As Congress considers a year-end spending bill, it faces a decision that will have a meaningful effect on inflation: whether or not to extend across-the-board Medicare reimbursement rates. This decision also has ramifications for Federal Reserve policy and the labor market.

It is a stark choice. Increasing Medicare reimbursement rates would increase inflation and the pressure on the Fed to pursue more aggressive interest hikes–whereas reducing reimbursement payments would decrease inflation and translate to lower healthcare costs in the private system, weakening the case for the Fed to break the labor market in its mission to reduce inflation.

Given the Federal government’s considerable price-setting power in this sector and the high costs of unemployment, Congress should alleviate pressure on the Fed to combat inflation by avoiding  unnecessary increases to Medicare reimbursement payments.

The Fed is Focused on Services Inflation

In recent months, core goods inflation has fallen while services inflation remains strong. The Fed has shifted accordingly, indicating that it is especially concerned about the level of measured inflation in one specific sub-index: core services ex housing.

[Core services other than housing] is the largest of our three categories, constituting more than half of the core PCE index. Thus, this may be the most important category for understanding the future evolution of core inflation.
Jay Powell, November 30, 2022

Worryingly, Powell has indicated that the Fed intends to reduce inflation in services by weakening the labor market— risking throwing Americans out of work and slowing the pace of wage growth. Fortunately, we need not rely solely on costly tools like interest rate hikes to slow inflation in this sector. Congress can help lower the prices of healthcare services by changing Medicare reimbursement rates.

Congress Has a Proven Opportunity to Relieve Healthcare Services Inflation

There is strong historical evidence that Medicare reimbursement policies can significantly reduce healthcare inflation and drive cost savings throughout the healthcare system. Fiscal policies reducing Medicare reimbursement rates during the Obama Administration kept inflation in these categories low over the last decade, with price increases reaching a near-historical low level in 2015. Low healthcare services inflation was a significant contributor to overall inflation staying below the Fed’s 2% target. Furthermore, private reimbursement often follows Medicare reimbursement as private insurers gain bargaining power against hospitals. As the year comes to an end and Congress continues negotiations over an omnibus package or continuing resolution, policymakers should take a page from the Obama-era playbook and pass disinflationary healthcare policies.

During the COVID-19 pandemic, Congress introduced two measures to provide relief to healthcare providers. First, in the CARES Act, Congress put the Budget Control Act sequester (a 2% across the board cut) on hiatus. Second, at the end of 2020, Congress provided an across-the-board 3.75% increase for all physician services. The former expired at the end of June this year, and the latter remains in place but is 3%.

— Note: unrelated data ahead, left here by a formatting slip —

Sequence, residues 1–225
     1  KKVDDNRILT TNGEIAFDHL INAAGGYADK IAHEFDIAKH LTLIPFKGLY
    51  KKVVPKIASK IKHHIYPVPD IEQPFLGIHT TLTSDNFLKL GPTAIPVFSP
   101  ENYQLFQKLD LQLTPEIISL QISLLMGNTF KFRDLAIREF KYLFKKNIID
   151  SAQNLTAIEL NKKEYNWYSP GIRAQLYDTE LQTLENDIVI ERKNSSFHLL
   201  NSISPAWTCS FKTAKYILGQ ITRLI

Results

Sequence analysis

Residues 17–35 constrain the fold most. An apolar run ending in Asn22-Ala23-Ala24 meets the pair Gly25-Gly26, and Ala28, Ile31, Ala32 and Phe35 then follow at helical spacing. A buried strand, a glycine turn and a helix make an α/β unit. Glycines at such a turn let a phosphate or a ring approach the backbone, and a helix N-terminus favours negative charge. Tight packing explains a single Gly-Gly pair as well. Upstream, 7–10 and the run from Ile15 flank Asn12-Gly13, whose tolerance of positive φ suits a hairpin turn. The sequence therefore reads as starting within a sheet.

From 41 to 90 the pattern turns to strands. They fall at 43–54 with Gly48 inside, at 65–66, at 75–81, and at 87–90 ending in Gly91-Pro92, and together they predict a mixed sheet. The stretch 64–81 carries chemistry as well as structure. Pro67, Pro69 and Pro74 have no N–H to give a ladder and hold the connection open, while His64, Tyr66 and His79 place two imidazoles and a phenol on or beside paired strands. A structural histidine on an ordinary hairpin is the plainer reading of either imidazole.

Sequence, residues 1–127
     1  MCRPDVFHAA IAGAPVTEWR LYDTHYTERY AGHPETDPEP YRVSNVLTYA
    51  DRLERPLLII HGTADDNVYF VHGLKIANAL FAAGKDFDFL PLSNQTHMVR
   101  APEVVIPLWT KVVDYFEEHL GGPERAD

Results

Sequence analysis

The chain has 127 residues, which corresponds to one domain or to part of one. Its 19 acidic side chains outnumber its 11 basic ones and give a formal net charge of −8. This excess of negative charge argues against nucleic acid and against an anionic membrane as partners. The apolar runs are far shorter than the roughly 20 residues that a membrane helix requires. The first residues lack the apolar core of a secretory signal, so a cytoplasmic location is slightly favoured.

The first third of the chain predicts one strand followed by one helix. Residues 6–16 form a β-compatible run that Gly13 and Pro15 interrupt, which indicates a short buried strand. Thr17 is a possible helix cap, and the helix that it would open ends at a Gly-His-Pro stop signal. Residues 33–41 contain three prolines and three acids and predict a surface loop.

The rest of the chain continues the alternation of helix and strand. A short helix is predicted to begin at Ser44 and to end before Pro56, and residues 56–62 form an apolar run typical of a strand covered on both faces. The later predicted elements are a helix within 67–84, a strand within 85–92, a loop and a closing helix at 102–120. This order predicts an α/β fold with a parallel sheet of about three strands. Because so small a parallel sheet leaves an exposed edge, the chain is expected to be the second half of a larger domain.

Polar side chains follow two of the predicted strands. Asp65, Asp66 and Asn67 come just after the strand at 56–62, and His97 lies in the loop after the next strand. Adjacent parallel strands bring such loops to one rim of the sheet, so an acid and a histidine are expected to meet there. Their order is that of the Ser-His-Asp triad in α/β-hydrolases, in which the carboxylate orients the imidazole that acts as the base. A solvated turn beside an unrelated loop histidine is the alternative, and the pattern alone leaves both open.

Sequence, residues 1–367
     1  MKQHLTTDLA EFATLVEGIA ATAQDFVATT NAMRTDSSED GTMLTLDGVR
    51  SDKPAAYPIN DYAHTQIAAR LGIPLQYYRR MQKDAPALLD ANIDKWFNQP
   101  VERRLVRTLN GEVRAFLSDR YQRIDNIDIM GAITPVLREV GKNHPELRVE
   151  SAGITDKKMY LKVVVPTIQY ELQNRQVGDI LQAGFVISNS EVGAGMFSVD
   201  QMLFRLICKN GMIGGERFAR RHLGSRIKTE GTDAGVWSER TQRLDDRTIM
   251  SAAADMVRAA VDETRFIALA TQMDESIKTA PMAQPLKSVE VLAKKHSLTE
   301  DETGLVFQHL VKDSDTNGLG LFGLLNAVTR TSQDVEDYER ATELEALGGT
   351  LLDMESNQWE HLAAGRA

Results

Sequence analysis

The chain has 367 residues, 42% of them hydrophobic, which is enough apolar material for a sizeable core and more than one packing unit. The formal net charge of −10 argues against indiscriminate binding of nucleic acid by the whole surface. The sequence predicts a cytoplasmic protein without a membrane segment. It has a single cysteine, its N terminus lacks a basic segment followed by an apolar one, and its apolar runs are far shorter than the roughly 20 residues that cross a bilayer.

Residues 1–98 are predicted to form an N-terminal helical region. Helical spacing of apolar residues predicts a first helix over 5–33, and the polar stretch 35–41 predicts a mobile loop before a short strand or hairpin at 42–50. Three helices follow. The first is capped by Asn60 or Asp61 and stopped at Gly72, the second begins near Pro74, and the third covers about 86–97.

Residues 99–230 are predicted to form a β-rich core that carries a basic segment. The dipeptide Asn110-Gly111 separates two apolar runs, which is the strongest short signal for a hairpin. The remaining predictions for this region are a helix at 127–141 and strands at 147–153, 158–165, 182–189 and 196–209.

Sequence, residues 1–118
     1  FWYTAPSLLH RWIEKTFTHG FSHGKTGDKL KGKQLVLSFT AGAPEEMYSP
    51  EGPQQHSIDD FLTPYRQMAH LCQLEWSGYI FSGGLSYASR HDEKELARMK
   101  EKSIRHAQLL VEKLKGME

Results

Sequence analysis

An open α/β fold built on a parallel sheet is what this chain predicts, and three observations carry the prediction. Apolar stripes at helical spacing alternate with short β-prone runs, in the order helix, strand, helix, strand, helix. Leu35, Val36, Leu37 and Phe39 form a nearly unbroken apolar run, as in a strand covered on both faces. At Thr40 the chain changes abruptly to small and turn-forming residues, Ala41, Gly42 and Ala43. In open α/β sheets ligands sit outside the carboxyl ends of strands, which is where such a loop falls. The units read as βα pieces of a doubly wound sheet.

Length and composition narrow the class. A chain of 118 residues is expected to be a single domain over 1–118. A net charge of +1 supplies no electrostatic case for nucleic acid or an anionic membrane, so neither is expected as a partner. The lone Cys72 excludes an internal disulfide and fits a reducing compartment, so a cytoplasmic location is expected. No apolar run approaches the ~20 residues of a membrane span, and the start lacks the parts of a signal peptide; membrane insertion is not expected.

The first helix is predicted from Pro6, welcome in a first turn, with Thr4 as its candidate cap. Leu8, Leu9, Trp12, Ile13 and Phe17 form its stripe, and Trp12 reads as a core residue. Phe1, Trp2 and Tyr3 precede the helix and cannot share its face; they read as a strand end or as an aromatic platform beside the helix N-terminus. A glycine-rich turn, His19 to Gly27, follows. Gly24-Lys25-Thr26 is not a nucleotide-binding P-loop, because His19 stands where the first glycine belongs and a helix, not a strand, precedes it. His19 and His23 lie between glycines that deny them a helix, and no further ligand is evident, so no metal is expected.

Congress stepped up during the pandemic to provide much needed relief for the healthcare industry. But with the worst of the pandemic in our rearview, these measures make little sense. Physicians’ incomes have bounced back from the pandemic lows and continue to rise. Congress should not bring back the sequester hiatus, nor should it continue the temporary bonus payments. [1]

These two policy decisions would reduce PCE inflation in the healthcare sector, as well as overall core PCE inflation since healthcare services comprise a large portion of PCE. Healthcare services comprise 26% of core services ex housing and 18% of core personal consumption expenditures overall. The prices for a substantial portion of these services are set by Congress, and there would be knock-on effects in the form of reduced private insurance payments, since a large portion of private rates are linked to Medicare reimbursement rates. Last year, we estimated that these policies would each directly result in a decrease in core PCE readings of around 0.1%, for a total of 0.2%, in addition to any knock-on effects on private prices. All of these changes would help cool inflation without unduly harming the healthcare industry.


Congress faces considerable pressure from the hospital lobby and other healthcare interest groups. However, as a plurality of Americans still considers inflation and the economy to be the most important issue facing their lives, Congress should put weight on how its choices will affect inflation and the overall health of the economy. Slowing healthcare services inflation today will reduce the cost of medical care, but will also forestall the Fed from pursuing aggressive interest rate policies that risk a recession.


[1] Congress should continue to delay or waive the mandatory 4% reduction in Medicare payments triggered by the PAYGO sequester after the passage of the American Rescue Plan, as it has never been enacted before and could negatively impact healthcare services.